Agnesh: One of my favorite, and also the most challenging, was the art gallery musical scene where the entire song was shot as a single long shot. Bumper suddenly has an idea to perform and improvise a song in a crowded Vernissage. The camera shot 360, fluidly switching between close-ups and wide shots, moving high and low freely in the space where we saw basically each corner of a gallery full of extras. It was a great challenge to fine-tune the light, which followed the whole choreography and adjusted to the steadicam movements. We built hidden and not-so-hidden ramps in the space for the camera to reach a floating lightness for following the action.

How did you use transitions to show time passing?

Agnesh: Transitions, flashbacks, and dreams are always fun to make. These are the shots where the cinematography can get playful in a comedy. We always try to connect two scenes or enter a new one with a special idea. Sometimes it’s an impressive crane and steadicam combination, sometimes it’s an interesting revealing movement, or it could also be a visual joke leading us back to the characters.

One of my favorites is the flashback of Pieter in the bar. Within a couple of sentences, we could tell his past in a creative and funny way through some great connecting shots and cuts. For example, we made a 360 circle dolly shot, where the first half is in the far past and the second half is some days later, so a single movement merges different times into one memory. Another time we see a photo of our hero in an article about a concert, then this photo becomes a video of that concert. Simple but creative ideas make the story more fluid and entertaining.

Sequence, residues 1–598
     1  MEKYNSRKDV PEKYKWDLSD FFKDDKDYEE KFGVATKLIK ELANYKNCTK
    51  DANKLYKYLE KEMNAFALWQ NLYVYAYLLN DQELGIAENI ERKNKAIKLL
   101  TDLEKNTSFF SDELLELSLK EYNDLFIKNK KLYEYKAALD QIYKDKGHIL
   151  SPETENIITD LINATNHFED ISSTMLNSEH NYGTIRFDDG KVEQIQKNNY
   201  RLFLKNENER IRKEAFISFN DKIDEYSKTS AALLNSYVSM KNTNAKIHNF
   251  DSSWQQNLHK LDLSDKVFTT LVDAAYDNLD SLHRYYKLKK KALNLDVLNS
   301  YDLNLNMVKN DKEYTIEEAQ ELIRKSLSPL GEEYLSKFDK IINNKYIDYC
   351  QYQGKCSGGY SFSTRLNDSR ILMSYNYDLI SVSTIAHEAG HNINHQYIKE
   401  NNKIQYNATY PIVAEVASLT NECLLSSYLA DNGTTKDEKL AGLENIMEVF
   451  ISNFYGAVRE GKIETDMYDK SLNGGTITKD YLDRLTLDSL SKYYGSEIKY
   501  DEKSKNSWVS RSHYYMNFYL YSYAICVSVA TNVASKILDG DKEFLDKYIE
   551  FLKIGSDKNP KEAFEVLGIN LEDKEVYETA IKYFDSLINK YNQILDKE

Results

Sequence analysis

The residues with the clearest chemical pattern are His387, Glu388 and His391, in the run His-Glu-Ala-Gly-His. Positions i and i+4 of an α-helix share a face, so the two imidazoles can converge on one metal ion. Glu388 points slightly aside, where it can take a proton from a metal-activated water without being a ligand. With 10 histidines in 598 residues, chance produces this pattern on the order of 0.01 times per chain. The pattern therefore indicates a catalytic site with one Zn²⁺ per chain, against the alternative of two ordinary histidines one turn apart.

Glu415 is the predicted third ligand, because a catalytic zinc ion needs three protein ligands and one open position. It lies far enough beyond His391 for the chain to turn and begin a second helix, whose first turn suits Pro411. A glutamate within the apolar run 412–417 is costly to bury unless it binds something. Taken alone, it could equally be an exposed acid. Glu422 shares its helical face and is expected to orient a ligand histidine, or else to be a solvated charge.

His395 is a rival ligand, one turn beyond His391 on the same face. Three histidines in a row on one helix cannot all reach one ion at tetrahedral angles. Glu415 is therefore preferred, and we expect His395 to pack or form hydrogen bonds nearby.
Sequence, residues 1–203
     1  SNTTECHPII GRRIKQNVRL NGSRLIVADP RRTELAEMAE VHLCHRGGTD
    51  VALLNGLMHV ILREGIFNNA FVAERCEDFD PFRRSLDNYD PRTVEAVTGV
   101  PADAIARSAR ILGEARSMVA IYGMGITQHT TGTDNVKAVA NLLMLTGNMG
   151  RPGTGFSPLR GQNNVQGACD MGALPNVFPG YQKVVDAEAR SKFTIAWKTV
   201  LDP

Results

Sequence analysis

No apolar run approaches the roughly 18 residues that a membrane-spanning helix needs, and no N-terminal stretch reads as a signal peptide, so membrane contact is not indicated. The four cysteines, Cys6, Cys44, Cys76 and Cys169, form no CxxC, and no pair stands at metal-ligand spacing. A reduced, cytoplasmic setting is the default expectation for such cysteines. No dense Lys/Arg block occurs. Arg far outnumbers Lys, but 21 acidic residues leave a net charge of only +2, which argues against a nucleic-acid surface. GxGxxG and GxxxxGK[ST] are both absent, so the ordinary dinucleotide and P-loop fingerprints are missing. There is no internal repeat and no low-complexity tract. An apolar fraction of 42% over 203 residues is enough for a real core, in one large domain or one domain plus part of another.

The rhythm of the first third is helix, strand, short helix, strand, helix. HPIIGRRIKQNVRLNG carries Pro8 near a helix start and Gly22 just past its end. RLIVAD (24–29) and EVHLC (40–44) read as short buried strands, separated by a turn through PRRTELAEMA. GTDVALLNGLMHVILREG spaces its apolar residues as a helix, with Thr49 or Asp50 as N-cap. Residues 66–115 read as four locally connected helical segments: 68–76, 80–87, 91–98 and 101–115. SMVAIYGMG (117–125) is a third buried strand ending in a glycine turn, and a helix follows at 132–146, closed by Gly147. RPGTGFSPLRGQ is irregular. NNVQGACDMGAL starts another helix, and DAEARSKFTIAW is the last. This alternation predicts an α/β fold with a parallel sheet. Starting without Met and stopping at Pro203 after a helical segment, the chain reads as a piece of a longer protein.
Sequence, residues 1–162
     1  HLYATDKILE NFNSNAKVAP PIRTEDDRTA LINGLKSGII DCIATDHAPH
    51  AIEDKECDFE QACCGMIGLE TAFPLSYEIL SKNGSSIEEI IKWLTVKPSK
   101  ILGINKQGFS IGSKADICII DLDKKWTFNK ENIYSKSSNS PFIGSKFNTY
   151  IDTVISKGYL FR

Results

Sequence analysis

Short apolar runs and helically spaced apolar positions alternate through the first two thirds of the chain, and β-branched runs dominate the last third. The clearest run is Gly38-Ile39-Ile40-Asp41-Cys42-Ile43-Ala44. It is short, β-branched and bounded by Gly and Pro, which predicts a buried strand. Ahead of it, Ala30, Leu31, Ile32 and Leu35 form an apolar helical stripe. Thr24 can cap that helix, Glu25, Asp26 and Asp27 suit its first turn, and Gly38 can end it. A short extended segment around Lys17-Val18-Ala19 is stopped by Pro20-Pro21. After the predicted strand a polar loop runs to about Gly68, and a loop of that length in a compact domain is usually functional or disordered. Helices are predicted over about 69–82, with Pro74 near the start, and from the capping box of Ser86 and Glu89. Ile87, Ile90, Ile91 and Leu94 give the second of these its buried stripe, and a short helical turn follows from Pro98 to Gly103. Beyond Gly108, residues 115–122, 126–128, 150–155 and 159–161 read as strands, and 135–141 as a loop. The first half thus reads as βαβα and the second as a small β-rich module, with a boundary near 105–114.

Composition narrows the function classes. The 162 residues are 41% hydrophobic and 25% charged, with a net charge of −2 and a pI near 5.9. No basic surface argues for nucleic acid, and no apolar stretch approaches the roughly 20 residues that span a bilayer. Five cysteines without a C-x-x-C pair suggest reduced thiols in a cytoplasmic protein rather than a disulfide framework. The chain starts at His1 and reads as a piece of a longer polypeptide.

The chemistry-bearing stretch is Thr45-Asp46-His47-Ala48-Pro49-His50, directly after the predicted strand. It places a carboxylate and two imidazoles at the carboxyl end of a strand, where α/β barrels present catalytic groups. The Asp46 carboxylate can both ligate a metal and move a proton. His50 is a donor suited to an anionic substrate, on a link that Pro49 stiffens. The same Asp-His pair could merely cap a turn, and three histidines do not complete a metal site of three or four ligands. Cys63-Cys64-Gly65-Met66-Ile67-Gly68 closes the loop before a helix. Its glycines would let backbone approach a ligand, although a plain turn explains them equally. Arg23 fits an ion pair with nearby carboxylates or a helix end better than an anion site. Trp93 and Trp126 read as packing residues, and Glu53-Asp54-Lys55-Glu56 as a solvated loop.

What was the creative process behind shooting the over-the-top musical numbers?

Agnesh: What I love in the preparation of these scenes is the wider complexity and the grandiosity we are heading for. Directing, choreography, set design, and cinematography has to work in a more active dialogue and exchange with each other to help and develop the scene. Each musical number has a core idea coming from the director’s vision. I try to attend many rehearsals of the dance choreography because that’s the place where a lot of ideas evolve, and I can react and pitch right away. At the same time, I have to visualize the scene in the space, existing location or not, and let it interact with the concept.

What was the most challenging part about filming this show?

Agnesh: One of the most challenging parts was connecting the U.S. style of filmmaking with the German crew in a smooth way and I wish we had more time. I was lucky to be surrounded by excellent crew members who were professionals, and amazing to work with. We had plenty of locations, as one aspect of the show is to present Berlin to the U.S. audience, and we had no overtimes, which requires precise and confident planning. The most important thing is to remain calm and keep the focus on the shot and the scene, no matter how high the stakes were. Never lose humor and creativity, and enjoy filmmaking. It’s a comedy, after all.

What do you have coming up next?

Agnesh: I recently finished a feature in Georgia, Caucasus. It was a great experience in a very special environment. We created painting-like imagery around a rural story about an elderly single lady who makes her own small revolution in the village. Next year I’m working on an edgy feminist musical with the director of Aren’t you Happy in Germany.